Family life

The war of the crib

After a few battles, Katie's got a new take on parenting: do what works for you and your baby

By Katie Dupuis
The war of the crib Credit: IngaMun

Believe it or not, the most frustrating part for me about being a new parent is not the trial and error in calming the new babe, not the sleepless nights, and not even the inability to have a shower longer than a minute and a half. These were the things people warned me about, so I was prepared. Nope, for me, the aspect of parenting that most gets on my nerves is the insane amount of information out there and trying to discern right from wrong.
There is no wrong, you say, and I understand that. But this blog is about being a regimented, organized, scheduled kind of girl and thus, I want the straight facts. I wish they'd handed me a piece of paper upon leaving the hospital with a set of rules by which every child should be raised. Yes, I know this is impossible, and no, I don't want to raise my child exactly the same way as everyone else, but, man, it would be a lot easier than trying to sift through the piles and piles of opposing research (and, more often than not, opinion). Or so I thought.
This week, I had an epiphany. And it goes something like this: Sometimes you just have to throw the book out the window. It's fine to look things up and be informed, and it's fine to be up on the popular opinion of the day, but the bottom line is that what works for someone else's kid won't necessarily work for yours. Of course I think you should heed the directives from the major national and global health organizations, but the rest of it? Go with your gut. This is why a set of rules won't work.
Now, how did I come to this realization? Easy. The War of the Crib.
My beautiful, smile-y, funny daughter likes to sleep with her mom and dad. She likes to be splayed across one of us, her head snuggled up on our chests. And maybe that would be fine for me (as it's fine for other people) if I wasn't The Anxiety Queen (you should see the crown — it's really heavy). This means that for the past 10 weeks, I've been half-sleeping. Ridiculous to some, I'm sure, given that Sophie is actually a terrific little sleeper so far. She has been since Day One. But I had visions of her falling off, getting stuck between pillows, etc. etc. and I just wanted to obey all of the SIDS literature to put my mind a little more at ease. Too bad Sophie wasn't having it.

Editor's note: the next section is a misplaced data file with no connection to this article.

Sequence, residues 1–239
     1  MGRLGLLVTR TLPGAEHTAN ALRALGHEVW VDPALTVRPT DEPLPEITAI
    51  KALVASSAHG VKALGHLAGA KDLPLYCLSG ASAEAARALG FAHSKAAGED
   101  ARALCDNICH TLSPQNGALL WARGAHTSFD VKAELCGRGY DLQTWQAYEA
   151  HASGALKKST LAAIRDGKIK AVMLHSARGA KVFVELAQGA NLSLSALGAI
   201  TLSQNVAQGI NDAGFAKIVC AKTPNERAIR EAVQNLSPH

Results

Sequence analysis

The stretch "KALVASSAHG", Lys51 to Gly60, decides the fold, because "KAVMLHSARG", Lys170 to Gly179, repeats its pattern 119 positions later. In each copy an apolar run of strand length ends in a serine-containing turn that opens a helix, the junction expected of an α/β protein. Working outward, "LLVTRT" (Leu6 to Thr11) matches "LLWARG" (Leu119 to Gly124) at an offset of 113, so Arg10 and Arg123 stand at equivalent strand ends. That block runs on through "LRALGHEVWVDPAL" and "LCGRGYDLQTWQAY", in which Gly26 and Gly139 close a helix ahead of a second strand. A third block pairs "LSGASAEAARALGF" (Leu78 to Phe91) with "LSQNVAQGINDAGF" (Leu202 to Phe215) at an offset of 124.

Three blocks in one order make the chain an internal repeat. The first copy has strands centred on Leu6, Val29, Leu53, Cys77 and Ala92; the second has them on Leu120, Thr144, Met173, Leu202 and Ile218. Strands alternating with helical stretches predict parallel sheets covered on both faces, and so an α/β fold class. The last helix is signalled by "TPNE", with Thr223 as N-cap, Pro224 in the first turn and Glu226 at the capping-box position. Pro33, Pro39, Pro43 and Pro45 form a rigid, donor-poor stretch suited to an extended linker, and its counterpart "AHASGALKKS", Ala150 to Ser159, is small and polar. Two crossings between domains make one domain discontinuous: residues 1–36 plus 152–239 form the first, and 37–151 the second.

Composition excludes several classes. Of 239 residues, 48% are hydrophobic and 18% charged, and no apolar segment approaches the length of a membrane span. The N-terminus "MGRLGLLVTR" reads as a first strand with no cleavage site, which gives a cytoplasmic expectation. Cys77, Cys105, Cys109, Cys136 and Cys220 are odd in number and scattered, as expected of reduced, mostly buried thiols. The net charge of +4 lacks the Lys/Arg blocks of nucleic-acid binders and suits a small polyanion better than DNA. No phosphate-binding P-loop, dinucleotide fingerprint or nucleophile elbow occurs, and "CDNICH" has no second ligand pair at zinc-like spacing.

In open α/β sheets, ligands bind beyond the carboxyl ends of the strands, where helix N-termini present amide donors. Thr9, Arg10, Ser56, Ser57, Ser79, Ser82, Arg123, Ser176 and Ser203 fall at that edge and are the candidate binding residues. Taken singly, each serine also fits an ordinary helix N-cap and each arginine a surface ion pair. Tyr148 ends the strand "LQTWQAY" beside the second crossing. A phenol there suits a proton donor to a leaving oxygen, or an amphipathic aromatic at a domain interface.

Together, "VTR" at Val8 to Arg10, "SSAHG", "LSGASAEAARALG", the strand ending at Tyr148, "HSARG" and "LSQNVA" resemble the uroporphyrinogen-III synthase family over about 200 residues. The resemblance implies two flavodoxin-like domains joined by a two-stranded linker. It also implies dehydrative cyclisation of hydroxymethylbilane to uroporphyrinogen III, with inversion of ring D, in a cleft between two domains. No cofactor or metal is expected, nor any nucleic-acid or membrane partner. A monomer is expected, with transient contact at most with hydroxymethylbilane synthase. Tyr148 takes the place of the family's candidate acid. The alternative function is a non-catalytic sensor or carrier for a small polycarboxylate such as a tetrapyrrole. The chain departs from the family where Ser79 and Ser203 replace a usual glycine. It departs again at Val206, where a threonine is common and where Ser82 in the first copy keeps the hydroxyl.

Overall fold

The final straw was a trip to the paediatrician, who is quite liberal and doesn't seem against co-sleeping as long as it's done properly, who said that having her sleep on us was the most dangerous option. That was that, and the War of the Crib began.
The first night was brutal. We tried every trick we'd read about or been told: Harvey Karp (only the white noise seemed to do anything); The Miracle Blanket (not so miraculous); picking her up and rocking her to sleep again every time she cried; singing Devo's "Whip It" or Rick Astley's "Never Gonna Give You Up" (that was Blaine) or the theme song to Growing Pains (a duet we've now perfected). Nothing worked. She was awake from 7p.m. until 3 a.m. when we finally gave in and let her sleep with us.
The next night we tried again. Same bedtime routine we've had for the past month — bath, breast, bed. This time, we decided we wouldn't pick her up but we'd sit with her and talk to her and hold her hand or put a hand on her belly. It worked marginally better but not much, and she still cried. Around 9:45, my mom called. Nonna to the rescue. She said "Katie, what's in the crib with her?" Horrified, I said, "Mom! Nothing! All the SIDS rules say do NOT put ANYTHING in the crib!" She said, "Katie, would you like to get into a bed without even a semblance of coziness?" Good point. Her suggestion? To take a lightweight, rectangular blanket and tuck it tightly down the sides of the crib and under the mattress and then slide Sophie in, only to just past the belly button, so that her little legs were warmer. The blanket would be tight enough that she wouldn't be able to kick it loose or get stuck (I did actually read later that if you are going to use a blanket, this is the way to do it). I, The Anxiety Queen, gave it a shot. Of course, Sophie breathed a sigh of relief, her daddy stroked her hair for a couple of minutes, and she fell fast asleep. For four hours. When she woke up to eat and then went back down for four more. Amazing.
We're now on night #4 of the same Nonna-patented regimen and it's working like a charm. I wouldn't say I'm able to sleep completely just yet — I do have a royal title to uphold — but I'm 3/4-sleeping two feet away from the crib, and that's an improvement. 
Anyway, the lesson learned in all of this? It's OK to read the research and the forums, to listen to friends and family, but at the end of the day (literally), it could be something completely unknown or unique that will do the trick. And of course there will be people who disagree, who will think that I should have kept Soph in my bed, but it had to be what I was comfortable with and I needed her in the crib. Like the Harvey Karp white noise — we highly recommend the blow-dryer sound in our house — I'm just choosing to block all the rest out.
Photo by IngaMun via Flickr

This article was originally published on Jan 27, 2012

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